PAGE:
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Figure 6: Diagnosis-Missed Abortion. (a) (TVS)-Shows a single Intrauterine gestation sac with irregular outline, a single embryo seen, no FHM seen, a solid looking yolk sac seen. (b) (TAS)-Shows a single Intrauterine gestation sac, no internal details seen in gestation sac

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Figure 7: Diagnosis-Blighted Ovum. (a) (TVS)-Shows a single Intrauterine gestation sac which shows a large amnion but no embryo seen. (b) (TAS)-Shows a single Intrauterine gestation sac, no internal details seen in gestation sac

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Figure 8: Diagnosis-Pregnancy with subchorionic hemorhage. (a) (TVS)-Shows a single Intrauterine gestation sac with subchorionic hemorrhage, a single embryo with FHM seen, fetal head showing echogenic choroid plexus with surrounding ventricles seen, both upper and lower limb buds seen. (b) (TAS)-Shows a single Intrauterine gestation sac, a single embryo with FHM seen, subchorionic hemorrhage and other sonoembryological details were not seen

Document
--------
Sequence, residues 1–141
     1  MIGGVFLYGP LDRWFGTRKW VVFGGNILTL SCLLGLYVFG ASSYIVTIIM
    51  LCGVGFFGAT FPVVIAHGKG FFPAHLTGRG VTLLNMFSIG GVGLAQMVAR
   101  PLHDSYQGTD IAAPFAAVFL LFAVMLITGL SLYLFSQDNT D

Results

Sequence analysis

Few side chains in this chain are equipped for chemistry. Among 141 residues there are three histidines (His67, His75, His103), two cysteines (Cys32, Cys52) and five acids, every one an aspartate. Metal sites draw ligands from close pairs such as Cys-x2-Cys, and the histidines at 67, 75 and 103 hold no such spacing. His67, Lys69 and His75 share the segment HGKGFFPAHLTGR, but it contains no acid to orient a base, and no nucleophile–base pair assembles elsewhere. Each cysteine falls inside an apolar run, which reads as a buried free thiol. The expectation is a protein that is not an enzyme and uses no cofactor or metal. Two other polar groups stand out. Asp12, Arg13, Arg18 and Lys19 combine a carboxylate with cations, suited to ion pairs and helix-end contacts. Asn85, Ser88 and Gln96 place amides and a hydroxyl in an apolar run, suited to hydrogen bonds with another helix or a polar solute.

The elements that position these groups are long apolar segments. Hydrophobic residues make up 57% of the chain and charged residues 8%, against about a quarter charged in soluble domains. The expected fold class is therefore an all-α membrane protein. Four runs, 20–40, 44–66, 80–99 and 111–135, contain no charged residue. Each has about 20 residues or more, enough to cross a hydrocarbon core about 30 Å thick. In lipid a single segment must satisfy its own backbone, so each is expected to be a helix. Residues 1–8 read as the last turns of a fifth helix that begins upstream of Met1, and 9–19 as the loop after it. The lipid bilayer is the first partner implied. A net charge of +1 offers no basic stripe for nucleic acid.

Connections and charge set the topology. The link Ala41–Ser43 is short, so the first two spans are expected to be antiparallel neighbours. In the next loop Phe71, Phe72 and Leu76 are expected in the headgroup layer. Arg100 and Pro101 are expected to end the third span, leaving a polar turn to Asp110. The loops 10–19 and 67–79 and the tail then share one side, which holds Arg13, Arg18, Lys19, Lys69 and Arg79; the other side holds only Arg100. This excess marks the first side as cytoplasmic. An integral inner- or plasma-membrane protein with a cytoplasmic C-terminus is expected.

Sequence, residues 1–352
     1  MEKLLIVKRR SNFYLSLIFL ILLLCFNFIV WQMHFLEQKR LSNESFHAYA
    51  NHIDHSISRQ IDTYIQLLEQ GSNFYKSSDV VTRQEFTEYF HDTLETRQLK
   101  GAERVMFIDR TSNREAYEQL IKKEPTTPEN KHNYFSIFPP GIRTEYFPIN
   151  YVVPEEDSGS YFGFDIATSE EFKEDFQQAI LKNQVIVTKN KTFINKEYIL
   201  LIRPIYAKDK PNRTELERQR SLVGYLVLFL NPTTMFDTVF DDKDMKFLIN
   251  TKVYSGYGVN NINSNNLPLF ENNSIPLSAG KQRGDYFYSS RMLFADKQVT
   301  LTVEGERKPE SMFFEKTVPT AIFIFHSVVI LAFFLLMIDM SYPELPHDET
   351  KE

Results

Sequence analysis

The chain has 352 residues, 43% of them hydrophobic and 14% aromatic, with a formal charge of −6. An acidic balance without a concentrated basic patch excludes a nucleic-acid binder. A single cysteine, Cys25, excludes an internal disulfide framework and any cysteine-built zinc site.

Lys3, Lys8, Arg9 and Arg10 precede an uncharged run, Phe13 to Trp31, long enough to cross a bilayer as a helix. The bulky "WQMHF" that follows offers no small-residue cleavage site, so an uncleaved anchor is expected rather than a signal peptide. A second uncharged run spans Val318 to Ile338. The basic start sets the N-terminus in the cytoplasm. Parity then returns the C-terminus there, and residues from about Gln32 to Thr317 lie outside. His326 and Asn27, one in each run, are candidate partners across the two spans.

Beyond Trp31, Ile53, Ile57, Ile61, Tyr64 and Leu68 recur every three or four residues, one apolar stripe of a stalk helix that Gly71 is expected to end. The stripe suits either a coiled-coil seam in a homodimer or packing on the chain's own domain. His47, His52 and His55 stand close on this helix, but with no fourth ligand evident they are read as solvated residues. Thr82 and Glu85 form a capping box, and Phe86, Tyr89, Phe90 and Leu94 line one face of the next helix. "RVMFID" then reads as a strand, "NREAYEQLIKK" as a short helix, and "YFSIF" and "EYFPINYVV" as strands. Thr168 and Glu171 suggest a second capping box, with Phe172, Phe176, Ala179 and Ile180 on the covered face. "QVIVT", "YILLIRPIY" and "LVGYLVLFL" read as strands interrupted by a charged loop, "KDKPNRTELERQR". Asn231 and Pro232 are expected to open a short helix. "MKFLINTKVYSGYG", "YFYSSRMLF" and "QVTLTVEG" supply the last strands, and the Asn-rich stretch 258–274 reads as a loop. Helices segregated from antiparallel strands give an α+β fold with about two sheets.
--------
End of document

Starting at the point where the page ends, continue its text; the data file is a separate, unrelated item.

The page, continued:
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Figure 9: Diagnosis-Pregnancy with congenital abnormality omphalocele with anencephaly. (a) (TVS)-Shows a single Intrauterine gestation sac with a single fetus with FHM seen, a large omphalocele seen that appears to contain bowel liver and gall bladder. Absence of cranial vault and eviscerated brain matter seen. (b) (TAS) -Shows a single Intrauterine gestation sac with a single fetus with FHM seen, suspected omphalocele, suspected anencephaly

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The maximum details of embryonic anatomy wherever possible were sought and recorded. Also, maximum zoomed scanning was done for better visualization of the anatomic details of the embryo.

The diagnosis of blighted ovum was made with sonar in which the gestation sac could be defined but which could not be demonstrated to contain any fetus. [8] For TAS, a gestational sac diameter of 20 mm without a yolk sac or 25 mm without a fetus was taken as a criteria of blighted ovum.[9] For TVS the corresponding figures were 10 and 18 mm, respectively [Figure 7]. [10]

The diagnosis of missed abortion by either technique was made when a fetus could be clearly demonstrated and measured by Sonar within the gestation sac but no fetal heart movements could be detected. [11]